If you have Diabetes, the most important thing for you is to maintain tight control of blood sugar. The premise for this is to have a close monitoring of your condition. Pay regular visit to your doctor and know the specific condition of yourself. You can take important measures to reduce your risk of further health problems.
Change your eating habit to a healthier mode. Choose a diet that helps you to lose excess weight. Your diet also should be high in whole grains and fiber and low in saturated fat. Also, limit your intake of concentrated sweets, cholesterol and total calories. It may be helpful to meet with a nutritionist.
Exercise regularly. This is both good for you to lose weight and also helpful in building up your body resistance. You need to keep this as a part of your daily life and not just do it when you think of it.
Have regular eye and foot checkups. Diabetes may easily cause many complications, most of which are related to a bad blood sugar control. The problems can involve your eyes and your feet, so it is necessary for you to have regular examination of your eyes and your feet. In addition, you should try to protect them from being influenced by factors like infection or injury.
Apart from keeping your blood sugar at normal range, you should also pay attention to your blood pressure as well as cholesterol. Sometimes when there is anything abnormal, you may need to take more medicines under the guidance of your doctor.
Talk to your doctor about whether you should take low-dose aspirin to prevent blood clots and an ACE inhibitor to protect your kidneys.


Chronic Kidney Disease Overview

The kidneys are a pair of bean-shaped organs that lie on either side of the spine in the lower middle of the back. Each kidney weighs about ¼ pound and contains approximately one million filtering units called nephrons. Each nephron is made of a glomerulus and a tubule. The glomerulus is a miniature filtering or sieving device while the tubule is a tiny tube like structure attached to the glomerulus.
The kidneys are connected to the urinary bladder by tubes called ureters. Urine is stored in the urinary bladder until the bladder is emptied by urinating. The bladder is connected to the outside of the body by another tube like structure called the urethra.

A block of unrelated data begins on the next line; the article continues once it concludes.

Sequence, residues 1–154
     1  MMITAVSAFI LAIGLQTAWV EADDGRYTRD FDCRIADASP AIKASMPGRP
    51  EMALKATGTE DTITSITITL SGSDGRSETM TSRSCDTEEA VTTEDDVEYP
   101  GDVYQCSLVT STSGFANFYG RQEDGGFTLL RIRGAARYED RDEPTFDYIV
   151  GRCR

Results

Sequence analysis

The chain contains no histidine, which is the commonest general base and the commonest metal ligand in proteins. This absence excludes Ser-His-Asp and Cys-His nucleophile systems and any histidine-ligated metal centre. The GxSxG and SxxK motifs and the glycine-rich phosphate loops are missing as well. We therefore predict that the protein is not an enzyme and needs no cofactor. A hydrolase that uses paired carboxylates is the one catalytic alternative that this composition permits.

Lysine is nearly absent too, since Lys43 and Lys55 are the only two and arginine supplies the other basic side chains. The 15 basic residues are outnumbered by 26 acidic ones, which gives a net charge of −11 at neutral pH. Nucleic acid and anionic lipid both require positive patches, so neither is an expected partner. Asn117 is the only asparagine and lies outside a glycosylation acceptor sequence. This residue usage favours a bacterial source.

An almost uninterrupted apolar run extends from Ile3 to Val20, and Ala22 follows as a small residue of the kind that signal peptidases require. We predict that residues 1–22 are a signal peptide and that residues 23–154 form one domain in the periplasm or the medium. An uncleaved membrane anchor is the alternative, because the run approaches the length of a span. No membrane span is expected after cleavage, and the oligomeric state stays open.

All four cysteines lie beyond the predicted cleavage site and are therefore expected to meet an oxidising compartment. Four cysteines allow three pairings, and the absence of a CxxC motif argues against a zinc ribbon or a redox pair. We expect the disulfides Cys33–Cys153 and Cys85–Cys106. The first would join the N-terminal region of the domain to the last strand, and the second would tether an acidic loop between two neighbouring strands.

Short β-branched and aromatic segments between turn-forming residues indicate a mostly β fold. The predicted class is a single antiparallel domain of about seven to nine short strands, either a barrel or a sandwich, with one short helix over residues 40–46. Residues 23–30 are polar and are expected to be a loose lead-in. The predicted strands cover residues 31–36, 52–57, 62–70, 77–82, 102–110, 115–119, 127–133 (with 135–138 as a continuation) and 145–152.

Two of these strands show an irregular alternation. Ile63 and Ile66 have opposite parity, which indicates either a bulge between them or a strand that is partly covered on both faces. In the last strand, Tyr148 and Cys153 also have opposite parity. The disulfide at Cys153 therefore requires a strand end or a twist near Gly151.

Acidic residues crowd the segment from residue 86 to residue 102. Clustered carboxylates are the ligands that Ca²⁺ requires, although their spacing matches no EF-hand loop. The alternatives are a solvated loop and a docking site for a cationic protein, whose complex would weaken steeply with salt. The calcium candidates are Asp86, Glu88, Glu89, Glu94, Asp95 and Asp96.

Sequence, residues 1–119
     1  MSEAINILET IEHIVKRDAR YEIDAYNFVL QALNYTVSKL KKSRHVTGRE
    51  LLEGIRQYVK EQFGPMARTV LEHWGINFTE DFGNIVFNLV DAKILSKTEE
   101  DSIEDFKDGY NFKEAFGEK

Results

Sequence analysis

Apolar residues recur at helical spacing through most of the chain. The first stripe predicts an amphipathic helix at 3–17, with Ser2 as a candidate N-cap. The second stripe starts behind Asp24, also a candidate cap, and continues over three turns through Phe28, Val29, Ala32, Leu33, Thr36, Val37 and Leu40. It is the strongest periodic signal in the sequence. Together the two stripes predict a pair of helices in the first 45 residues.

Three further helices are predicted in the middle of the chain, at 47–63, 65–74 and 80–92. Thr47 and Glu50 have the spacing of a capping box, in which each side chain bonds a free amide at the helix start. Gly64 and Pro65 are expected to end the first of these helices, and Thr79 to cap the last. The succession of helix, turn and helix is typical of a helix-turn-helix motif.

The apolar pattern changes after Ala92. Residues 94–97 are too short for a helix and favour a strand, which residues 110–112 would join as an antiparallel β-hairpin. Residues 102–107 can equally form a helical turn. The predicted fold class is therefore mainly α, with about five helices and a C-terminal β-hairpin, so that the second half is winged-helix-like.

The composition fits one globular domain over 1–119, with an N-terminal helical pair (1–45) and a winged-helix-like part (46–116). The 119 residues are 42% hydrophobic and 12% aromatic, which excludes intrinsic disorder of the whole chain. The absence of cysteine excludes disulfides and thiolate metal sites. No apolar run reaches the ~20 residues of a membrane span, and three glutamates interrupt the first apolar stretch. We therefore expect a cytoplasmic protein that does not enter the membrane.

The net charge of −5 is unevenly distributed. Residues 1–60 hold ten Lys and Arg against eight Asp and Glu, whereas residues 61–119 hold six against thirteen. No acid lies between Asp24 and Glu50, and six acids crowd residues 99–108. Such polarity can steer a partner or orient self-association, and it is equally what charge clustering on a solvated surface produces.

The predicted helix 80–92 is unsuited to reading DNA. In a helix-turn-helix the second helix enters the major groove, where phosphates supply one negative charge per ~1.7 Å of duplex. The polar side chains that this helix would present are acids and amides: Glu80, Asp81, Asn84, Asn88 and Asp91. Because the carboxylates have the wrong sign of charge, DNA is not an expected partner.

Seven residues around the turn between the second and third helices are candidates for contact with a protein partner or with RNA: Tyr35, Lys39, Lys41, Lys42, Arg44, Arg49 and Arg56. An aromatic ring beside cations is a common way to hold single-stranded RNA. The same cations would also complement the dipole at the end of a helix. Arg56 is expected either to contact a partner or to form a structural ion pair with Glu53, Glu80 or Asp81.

The main function of the kidneys is to remove waste products and excess water from the blood. The kidneys process about 200 liters of blood every day and produce about two liters of urine. The waste products are generated from normal metabolic processes including the breakdown of active tissues, ingested foods, and other substances. The kidneys allow consumption of a variety of foods, drugs, vitamins and supplements, additives, and excess fluids without worry that toxic by-products will build up to harmful levels. The kidney also plays a major role in regulating levels of various minerals such as calcium, sodium, and potassium in the blood.
As the first step in filtration, blood is delivered into the glomeruli by microscopic leaky blood vessels called capillaries. Here, blood is filtered of waste products and fluid while red blood cells, proteins, and large molecules are retained in the capillaries. In addition to wastes, some useful substances are also filtered out. The filtrate collects in a sac called Bowman's capsule.
The tubules are the next step in the filtration process. The tubules are lined with highly functional cells which process the filtrate, reabsorbing water and chemicals useful to the body while secreting some additional waste products into the tubule.
The kidneys also produce certain hormones that have important functions in the body, including the following:
Active form of vitamin D (calcitriol or 1,25 dihydroxy-vitamin D), which regulates absorption of calcium and phosphorus from foods, promoting formation of strong bone.
Erythropoietin (EPO), which stimulates the bone marrow to produce red blood cells.
Renin, which regulates blood volume and blood pressure.
Chronic kidney disease